A decade has yielded much progress in understanding polar disturbance and community recovery—mainly through quantifying ice scour rates, other disturbance levels, larval abundance and diversity, colonization rates and response of benthos to predicted climate change. The continental shelf around Antarctica is clearly subject to massive disturbance, but remarkably across so many scales. In summer, millions of icebergs from sizes smaller than cars to larger than countries ground out and gouge the sea floor and crush the benthic communities there, while the highest wind speeds create the highest waves to pound the coast. In winter, the calm associated with the sea surface freezing creates the clearest marine water in the world. But in winter, an ice foot encases coastal life and anchor ice rips benthos from the sea floor. Over tens and hundreds of thousands of years, glaciations have done the same on continental scales—ice sheets have bulldozed the seabed and the zoobenthos to edge of shelves. We detail and rank modern disturbance levels (from most to least): ice; asteroid impacts; sediment instability; wind/wave action; pollution; UV irradiation; volcanism; trawling; non-indigenous species; freshwater inundation; and temperature stress. Benthic organisms have had to recolonize local scourings and continental shelves repeatedly, yet a decade of studies have demonstrated that they have (compared with lower latitudes) slow tempos of reproduction, colonization and growth. Despite massive disturbance levels and slow recolonization potential, the Antarctic shelf has a much richer fauna than would be expected for its area. Now, West Antarctica is among the fastest warming regions and its organisms face new rapid changes. In the next century, temperature stress and non-indigenous species will drastically rise to become dominant disturbances to the Antarctic life. Here, we describe the potential for benthic organisms to respond to disturbance, focusing particularly on what we know now that we did not a decade ago.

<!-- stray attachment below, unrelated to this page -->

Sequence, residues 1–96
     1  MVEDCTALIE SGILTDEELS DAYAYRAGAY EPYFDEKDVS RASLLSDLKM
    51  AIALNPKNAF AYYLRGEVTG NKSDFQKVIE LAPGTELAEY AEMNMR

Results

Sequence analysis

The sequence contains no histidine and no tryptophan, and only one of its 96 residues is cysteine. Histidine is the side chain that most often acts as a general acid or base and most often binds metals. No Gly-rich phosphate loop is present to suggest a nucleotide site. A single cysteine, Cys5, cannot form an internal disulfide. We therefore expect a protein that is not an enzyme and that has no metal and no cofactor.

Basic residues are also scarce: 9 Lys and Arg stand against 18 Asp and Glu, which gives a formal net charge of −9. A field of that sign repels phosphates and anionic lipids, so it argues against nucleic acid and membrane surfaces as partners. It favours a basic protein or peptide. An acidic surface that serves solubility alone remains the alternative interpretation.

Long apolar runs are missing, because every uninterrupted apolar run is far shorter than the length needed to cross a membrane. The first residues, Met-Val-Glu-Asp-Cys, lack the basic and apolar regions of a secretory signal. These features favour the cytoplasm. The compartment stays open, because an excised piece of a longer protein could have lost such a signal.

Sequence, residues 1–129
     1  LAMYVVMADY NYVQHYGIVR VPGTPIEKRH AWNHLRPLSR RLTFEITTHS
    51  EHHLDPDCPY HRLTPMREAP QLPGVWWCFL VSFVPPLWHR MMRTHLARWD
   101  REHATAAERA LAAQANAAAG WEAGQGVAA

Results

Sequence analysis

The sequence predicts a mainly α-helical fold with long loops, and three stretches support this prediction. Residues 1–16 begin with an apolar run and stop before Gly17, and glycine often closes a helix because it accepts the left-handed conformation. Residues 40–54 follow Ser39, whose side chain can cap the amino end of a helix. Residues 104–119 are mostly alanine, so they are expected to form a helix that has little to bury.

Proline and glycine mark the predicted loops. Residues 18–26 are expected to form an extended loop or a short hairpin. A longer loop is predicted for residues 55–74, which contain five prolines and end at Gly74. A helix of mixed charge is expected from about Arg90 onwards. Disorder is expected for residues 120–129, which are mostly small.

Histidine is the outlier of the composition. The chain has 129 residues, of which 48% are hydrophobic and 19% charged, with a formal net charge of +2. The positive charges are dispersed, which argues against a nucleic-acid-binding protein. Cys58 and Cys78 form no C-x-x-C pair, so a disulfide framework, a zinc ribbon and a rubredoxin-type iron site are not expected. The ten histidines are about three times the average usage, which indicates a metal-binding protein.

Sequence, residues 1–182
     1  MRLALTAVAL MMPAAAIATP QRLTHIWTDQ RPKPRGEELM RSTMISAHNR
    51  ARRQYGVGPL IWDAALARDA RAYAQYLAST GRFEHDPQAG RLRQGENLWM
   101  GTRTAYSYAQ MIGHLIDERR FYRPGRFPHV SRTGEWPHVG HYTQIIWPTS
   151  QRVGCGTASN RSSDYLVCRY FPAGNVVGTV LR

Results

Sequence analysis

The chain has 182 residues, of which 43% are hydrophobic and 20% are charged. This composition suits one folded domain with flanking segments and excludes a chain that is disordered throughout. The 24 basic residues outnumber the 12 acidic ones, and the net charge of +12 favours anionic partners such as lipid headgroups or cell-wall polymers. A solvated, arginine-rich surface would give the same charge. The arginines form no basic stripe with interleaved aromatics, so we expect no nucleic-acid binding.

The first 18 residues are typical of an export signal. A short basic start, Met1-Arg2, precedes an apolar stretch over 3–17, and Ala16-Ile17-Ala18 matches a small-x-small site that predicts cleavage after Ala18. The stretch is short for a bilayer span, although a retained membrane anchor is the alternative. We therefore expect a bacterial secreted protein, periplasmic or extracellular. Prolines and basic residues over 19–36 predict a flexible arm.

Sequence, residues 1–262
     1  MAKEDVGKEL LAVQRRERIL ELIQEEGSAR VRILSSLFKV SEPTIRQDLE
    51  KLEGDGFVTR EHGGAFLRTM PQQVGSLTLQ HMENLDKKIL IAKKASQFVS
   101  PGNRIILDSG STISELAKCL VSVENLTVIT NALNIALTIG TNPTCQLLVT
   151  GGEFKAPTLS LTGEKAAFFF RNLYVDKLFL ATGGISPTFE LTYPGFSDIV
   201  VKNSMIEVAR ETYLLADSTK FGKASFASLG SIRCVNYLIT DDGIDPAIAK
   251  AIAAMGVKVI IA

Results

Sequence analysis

The first person to officially die from the novel coronavirus was a 61-year-old Chinese man from Wuhan on January 9. Now, three months later, by April 10, more than 100,000 people have succumbed to the disease. “There are problems with all the indicators, but the number of cases depends a lot on the number of tests,” said French epidemiologist Catherine Hill.”The number of dead is a good indicator provided that you do not change the parameter along the way.” In France, for example, deaths in nursing homes were not counted until April 2 and the daily number of deaths in these establishments prior to that date would have to be reconstructed.Some countries, such as Spain, have also questioned whether their tolls might be higher, as people dying at home are generally not taken into account.Plateau in some European countriesWith 70,270 deaths out of 857,822 cases — equivalent to 70 percent and 52 percent of the global totals respectively — Europe remains the hardest-hit region by the pandemic. On March 22, it had registered fewer than 10,000 deaths. The spread has accelerated in recent weeks — in 11 days, the number of deaths has doubled. Almost everywhere in Europe, morgues are overwhelmed, with coffins lined up in churches in Bergamo, an ice rink in Madrid and a market hall in Rungis in France.Italy and Spain are the two European countries hardest hit, with 18,849 and 15,843 deaths respectively.But there appear to be the first glimmers of hope — after a peak of nearly a thousand deaths in 24 hours, on March 27 in Italy and on April 2 in Spain, the daily figures seem to have reached a plateau and are slowly starting to come down.In the last 24 hours, Italy has recorded 570 dead and Spain 605.Nevertheless, the situation is continuing to get worse in others, such as Britain, with 980 deaths in the last 24 hours, or Belgium, with 496 over the same period. United States, a major new hotspotThe disease is now spreading fastest in the United States, and New York state in particular, where the number of registered cases has surpassed Italy’s, with more than 160,000 for the state and 93,000 for New York city alone.More than 28 percent of the global number of cases have been registered in the US — 486,490 as of 1900 GMT on Friday. Even if the number of people who have been hospitalised has stabilised in a number of states, with 18,002 deaths, the US has the second highest death toll in the world after Italy. A statistical model published by the Institute for Health Metrics and Evaluation (IHME), which takes into account the way the epidemic has evolved in China and Europe, has, however, revised downwards a number of times the total number of deaths expected in the US — first from 93,000 to 82,000, and then again to 60,000. This forecasting model ranges from a total of 25,000 dead (most optimistic scenario) to 155,000 (most pessimistic).After Italy, the United States and Spain, the countries most affected in terms of the number of deaths are France with 13,197 deaths, Britain with 8,958, Iran with 4,232 and mainland China with 3,336. The tally has been compiled using data from AFP bureaus, as well as statistics from the relevant national authorities and from the WHO. First Asia, then Europe in March and now the United States have each, in turn, become the epicenter of the COVID-19 pandemic, which has forced more than half of humanity into lockdown. Despite sometimes draconian confinement measures, the number of daily deaths has accelerated across the globe — from fewer than 500 per day in mid-March, to more than 5,000 at the start of April and now nearly 7,500. Topics : In the last eight days, more deaths were registered than in the preceding 84 days. In all, at least 100,859 people have died from coronavirus, according to an AFP tally at 1900 GMT on Friday, using official figures. More than 1.6 million declared cases have been registered in 193 countries, of which at least 335,900 are considered recovered. The tallies, using data collected by AFP from national authorities and information from the World Health Organization (WHO), probably reflect only a fraction of the actual number of infections. Many countries are only testing the most serious cases. Others do not have a policy of large-scale testing when resources are severely lacking, as in Africa.